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UPDATED: 5/27/2013

PARKERSBURG, W.Va. (AP) - A panel of doctors has released its recommended protocols for medical monitoring of residents exposed to a chemical used by a DuPont plant in Wood County.

The medical panel was formed as part of a 2005 class-action settlement of a lawsuit that claimed water supplies in Ohio and West Virginia were contaminated with the chemical C8.

A separate science panel found probable links between C8 and several health issues, including thyroid disease and testicular and kidney cancers.

An attorney for Parkersburg-area plaintiffs, Harry Deitzler, says the medical panel's report addresses protocols for initial screening and diagnostic testing.

Deitzler says in a news release that the court-appointed director of medical monitoring and Brookmar, Inc., will develop a plan and process to implement the screening and testing program.

(Copyright 2013 The Associated Press. All rights reserved. This material may not be published, broadcast, rewritten or redistributed.)


UPDATED: 10/29/2012

A science panel says it has found probable links between high cholesterol in mid-Ohio Valley residents and their exposure to a chemical used by a DuPont plant in West Virginia.

The C8 Science Panel released its final report Monday on studies of data collected from about 70,000 residents. The three-member science panel was formed in 2005 as part of a class-action settlement of a lawsuit that claimed water supplies were contaminated in Ohio and West Virginia.

The company uses C8 at its Washington Works plant near Parkersburg. DuPont plans to stop making and using C8 by 2015.

Previously the panel found probable links between the chemical, also known as or perfluorooctanoic acid, and several other health issues, including thyroid disease, testicular and kidney cancers, pregnancy-induced hypertension and ulcerative colitis.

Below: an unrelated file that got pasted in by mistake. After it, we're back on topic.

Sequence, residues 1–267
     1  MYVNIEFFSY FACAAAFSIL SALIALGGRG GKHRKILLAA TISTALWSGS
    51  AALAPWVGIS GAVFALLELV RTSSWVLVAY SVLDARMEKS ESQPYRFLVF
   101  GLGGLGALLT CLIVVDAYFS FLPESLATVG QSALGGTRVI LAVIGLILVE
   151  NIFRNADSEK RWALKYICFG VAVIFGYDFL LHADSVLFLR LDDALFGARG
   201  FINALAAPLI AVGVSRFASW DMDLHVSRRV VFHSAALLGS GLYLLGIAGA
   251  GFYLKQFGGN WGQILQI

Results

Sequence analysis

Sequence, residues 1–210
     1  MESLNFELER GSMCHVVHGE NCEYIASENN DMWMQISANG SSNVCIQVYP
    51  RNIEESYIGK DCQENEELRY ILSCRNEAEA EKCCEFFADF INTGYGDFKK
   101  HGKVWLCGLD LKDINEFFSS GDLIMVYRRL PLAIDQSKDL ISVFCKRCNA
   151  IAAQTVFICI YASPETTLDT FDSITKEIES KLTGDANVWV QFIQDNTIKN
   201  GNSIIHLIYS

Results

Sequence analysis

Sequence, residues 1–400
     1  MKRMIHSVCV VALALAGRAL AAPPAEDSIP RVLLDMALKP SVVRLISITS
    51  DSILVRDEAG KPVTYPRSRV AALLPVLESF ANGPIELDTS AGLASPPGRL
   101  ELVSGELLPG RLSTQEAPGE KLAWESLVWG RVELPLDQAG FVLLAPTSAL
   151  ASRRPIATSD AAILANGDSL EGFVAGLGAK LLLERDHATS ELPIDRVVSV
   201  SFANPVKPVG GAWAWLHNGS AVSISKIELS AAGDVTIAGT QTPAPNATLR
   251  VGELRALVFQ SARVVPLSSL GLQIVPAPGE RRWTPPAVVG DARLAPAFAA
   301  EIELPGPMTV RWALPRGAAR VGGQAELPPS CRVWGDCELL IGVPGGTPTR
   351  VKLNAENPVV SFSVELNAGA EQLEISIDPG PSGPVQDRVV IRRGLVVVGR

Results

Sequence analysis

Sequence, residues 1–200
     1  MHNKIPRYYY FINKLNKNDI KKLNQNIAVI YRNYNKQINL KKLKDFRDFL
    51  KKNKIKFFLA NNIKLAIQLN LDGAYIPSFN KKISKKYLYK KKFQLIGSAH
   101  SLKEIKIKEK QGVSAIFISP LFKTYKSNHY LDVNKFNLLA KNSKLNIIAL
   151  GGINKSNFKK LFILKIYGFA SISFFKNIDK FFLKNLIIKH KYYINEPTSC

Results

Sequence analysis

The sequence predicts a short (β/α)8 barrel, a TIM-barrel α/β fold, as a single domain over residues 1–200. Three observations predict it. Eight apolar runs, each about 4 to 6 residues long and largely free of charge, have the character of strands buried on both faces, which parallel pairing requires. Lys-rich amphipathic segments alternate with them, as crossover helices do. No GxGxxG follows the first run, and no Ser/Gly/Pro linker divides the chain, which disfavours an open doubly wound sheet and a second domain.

(Copyright 2012 The Associated Press. All rights reserved. This material may not be published, broadcast, rewritten or redistributed.)

DuPont's corporate office issued this statement on the panel's findings:

"Because of (the Science Panel's) work, DuPont will, with the advice of independent doctors, provide medical monitoring for eligible Class Members that will extend many years into the future. In addition, DuPont remains committed to its ongoing program of providing state of the art water filtering systems to insure that C8 is filtered out of the drinking water.

DuPont has had these measures in place for many decades to minimize worker exposure to C8. Dats shows that these measures are effective. DuPont has reduced total C8 emissions by more than 99% at Washington Works, and by more than 98% in our global manufacturing operations since 2000. We also have developed and commercialized new technologies to make our products without using C8.

Recently, however, plaintiff attorneys began advertising for new clients to now sue DuPont again, alleging that C8 actually caused personal injury. Lawsuits have already been filed. Lawsuits such as these ignore family history and lifestyle choices as leading causes of health issues and disease in specific individuals. DuPont will vigorously defend against any and all such lawsuits not based upon valid science. At the same time DuPont will continue its commitment to provide good jobs with good wages and benefits in our local community."